A logic assignment requires me to create a model in which most X's are smarter than most Y's, but most Y's are such that it is not the case that most X's are smarter than it.
It's easy to do this when we grant that $Sxy$ = "x smarter than y" is a non-commutative predicate eg. $Sxy => -Syx$.
However it seems impossible to do this if we assume that $Sxy$ is transitive ie. $(Sxy + Syz) => Sxz$
My question is regarding whether "smarter than" is, in reality, transitive.
My logic professor argued that it wasn't because we can imagine different types of smartness such that A > B, B > C and C > A. I disagree because:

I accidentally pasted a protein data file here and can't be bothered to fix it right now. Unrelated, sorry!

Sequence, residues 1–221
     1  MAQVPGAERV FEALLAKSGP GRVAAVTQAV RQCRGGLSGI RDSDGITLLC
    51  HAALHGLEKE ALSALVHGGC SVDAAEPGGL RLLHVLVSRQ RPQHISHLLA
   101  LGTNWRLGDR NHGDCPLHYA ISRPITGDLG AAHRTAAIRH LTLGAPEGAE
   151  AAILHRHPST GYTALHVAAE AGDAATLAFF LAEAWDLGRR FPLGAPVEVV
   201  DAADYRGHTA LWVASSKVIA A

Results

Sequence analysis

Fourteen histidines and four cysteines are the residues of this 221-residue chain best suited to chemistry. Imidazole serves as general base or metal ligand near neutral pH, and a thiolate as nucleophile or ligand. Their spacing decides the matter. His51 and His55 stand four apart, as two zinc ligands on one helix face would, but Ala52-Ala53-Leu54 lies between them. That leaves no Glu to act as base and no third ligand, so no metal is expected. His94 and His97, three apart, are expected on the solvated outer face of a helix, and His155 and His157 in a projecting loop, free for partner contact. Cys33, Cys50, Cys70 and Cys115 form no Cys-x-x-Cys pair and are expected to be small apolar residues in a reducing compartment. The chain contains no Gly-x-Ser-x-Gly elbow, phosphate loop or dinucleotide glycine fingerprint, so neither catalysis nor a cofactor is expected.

Different types of smartness demand different predicates eg. Pxy = x is smarter than y at visual problems, Cxy = x is smarter than y at chess problems, etc
To try and rescue this idea, if we declared "smarter than" to mean "smarter than [in any capacity]" (ie. Sxy = Pxy or Cxy or ...), then we lose its non-commutativity and it becomes pretty meaningless.
He also suggested thinking about it in terms of a competition in which A usually beats B and B usually beats C and C usually beats A. There is no contradiction here, but again, "x beats y" is a different predicate with different semantics.
Therefore I continue to believe that "smarter than", reasonably, is a transitive relationship.
Who is correct??